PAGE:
The property at which the Rogers Road car, originally part of York Township Railways, ended has been declared surplus to TTC requirements.  Buses on this route use the nearby Avon Loop on Weston Road.

TTC Low Floor LRV Roll Out Plan Released (Update 3)

Updated June 25, 2013:  At the June 24 Commission meeting, CEO Andy Byford presented further details of the roll out plan.  This information is added to the end of the article along with additional information I received from TTC staff.

Updated June 23, 2013:  A section has been added at the end of the article discussing service levels and fleet planning during the transition from CLRV to LFLRV operation on routes.

The TTC has released its roll out plan for the new fleet of low floor light rail vehicles.

The TTC proposes to increase capacity on all routes during peak periods, although by varying amounts.  Off peak headways will be almost unchanged with an effective doubling of capacity on all routes using the 50-foot CLRVs, and a 1/3 improvement on routes with the 75-foot ALRVs.  As a general policy, this is a very good start because it avoids replacing capacity-for-capacity with concurrent widening of headways and degradation of service.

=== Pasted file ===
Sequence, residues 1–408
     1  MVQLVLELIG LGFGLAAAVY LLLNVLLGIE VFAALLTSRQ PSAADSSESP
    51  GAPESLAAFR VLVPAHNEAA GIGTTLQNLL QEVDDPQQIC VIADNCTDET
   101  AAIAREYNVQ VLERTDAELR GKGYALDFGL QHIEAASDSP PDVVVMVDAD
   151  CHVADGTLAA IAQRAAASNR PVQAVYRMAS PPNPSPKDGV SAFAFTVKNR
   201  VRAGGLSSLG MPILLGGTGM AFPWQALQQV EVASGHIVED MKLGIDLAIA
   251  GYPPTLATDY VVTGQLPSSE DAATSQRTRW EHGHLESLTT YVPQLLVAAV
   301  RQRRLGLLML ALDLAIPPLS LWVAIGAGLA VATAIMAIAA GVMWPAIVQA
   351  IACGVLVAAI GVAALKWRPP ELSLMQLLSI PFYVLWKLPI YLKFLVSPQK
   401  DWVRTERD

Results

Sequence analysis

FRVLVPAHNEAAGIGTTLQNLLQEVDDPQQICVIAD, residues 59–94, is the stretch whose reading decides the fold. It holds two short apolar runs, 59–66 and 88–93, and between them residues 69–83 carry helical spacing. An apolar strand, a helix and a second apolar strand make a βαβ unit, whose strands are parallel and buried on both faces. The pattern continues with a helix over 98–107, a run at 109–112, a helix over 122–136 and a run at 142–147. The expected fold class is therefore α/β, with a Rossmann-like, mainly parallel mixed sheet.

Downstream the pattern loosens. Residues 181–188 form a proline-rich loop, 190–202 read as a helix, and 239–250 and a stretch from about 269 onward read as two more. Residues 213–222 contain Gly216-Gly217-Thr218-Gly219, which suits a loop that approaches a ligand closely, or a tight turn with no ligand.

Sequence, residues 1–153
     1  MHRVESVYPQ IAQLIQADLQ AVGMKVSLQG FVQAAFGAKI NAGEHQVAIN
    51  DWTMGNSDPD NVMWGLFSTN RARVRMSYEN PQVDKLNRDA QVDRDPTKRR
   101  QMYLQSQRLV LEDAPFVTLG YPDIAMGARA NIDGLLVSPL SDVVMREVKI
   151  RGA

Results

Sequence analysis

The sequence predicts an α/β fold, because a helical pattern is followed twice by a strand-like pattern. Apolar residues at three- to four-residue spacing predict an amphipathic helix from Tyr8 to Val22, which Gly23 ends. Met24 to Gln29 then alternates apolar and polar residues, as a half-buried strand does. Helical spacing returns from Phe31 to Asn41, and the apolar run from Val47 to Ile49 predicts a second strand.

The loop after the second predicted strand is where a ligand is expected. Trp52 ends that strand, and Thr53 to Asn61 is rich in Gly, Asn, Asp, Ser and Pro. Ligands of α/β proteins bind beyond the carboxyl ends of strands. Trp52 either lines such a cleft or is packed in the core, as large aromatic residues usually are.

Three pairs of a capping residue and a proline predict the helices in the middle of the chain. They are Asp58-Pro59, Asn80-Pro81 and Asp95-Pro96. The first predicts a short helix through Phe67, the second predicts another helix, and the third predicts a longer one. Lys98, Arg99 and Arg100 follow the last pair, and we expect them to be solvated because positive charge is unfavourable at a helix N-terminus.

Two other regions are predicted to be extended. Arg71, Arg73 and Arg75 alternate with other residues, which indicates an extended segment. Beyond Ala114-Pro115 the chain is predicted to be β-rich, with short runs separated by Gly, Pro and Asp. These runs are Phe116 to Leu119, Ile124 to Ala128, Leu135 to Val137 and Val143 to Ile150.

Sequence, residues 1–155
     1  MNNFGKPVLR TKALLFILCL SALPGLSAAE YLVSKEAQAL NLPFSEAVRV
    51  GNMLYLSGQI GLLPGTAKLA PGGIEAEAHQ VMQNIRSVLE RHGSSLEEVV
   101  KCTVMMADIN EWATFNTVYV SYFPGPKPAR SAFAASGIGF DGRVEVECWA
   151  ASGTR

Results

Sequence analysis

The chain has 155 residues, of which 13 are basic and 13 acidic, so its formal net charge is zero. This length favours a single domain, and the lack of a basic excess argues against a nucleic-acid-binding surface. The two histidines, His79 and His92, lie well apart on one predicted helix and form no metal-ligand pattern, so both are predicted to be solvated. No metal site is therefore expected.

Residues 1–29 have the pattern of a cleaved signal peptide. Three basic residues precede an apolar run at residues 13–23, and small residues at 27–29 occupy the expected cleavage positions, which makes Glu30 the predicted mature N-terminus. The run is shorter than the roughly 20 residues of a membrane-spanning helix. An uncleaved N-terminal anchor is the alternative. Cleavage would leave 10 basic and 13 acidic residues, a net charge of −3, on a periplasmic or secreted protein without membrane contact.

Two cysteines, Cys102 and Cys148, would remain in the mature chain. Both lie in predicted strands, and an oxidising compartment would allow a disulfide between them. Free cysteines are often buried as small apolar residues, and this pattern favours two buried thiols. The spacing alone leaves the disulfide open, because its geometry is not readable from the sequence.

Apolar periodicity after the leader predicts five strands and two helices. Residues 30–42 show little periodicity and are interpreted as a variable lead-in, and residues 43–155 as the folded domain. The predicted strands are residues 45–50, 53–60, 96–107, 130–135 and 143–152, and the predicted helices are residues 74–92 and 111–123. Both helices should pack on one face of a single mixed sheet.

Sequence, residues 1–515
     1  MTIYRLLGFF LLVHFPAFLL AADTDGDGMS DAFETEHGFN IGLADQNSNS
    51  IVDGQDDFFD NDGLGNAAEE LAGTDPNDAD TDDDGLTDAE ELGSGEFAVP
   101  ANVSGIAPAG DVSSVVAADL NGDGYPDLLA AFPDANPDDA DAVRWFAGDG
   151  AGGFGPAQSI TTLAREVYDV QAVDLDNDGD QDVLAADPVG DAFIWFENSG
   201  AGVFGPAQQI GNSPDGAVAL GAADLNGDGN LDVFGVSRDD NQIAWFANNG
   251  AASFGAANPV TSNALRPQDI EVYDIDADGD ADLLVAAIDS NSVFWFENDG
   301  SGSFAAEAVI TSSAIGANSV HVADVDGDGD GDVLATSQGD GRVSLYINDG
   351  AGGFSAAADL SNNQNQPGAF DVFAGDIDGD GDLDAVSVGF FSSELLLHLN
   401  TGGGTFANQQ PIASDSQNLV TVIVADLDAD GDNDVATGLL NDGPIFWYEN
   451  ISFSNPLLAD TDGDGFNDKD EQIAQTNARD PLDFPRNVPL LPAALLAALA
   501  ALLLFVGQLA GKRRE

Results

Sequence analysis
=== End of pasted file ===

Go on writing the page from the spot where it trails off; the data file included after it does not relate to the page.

The new service levels are shown on the presentation at pages 7-8, and the changes in peak period capacity are summarized in the following table.


The amount of added capacity varies by route and between the AM and PM peak periods.  This is supposed to represent the TTC’s estimate of provision for unmet demand although some numbers are a bit hard to believe.

Oddly enough, by the time the new fleet is in place, all of it has been used up serving existing routes (with a 20% allowance for spares).

Off peak services are almost unchanged with the odd effect that there is better planned midday and evening service on some routes than in the peak periods.  The TTC claims that the off-peak levels are set based on a minimum headway policy.  However, it does not make sense to cut service during the peak period.  This seems more the product of two separate plans drawn up without cross-reference to each other than the outcome of careful planning.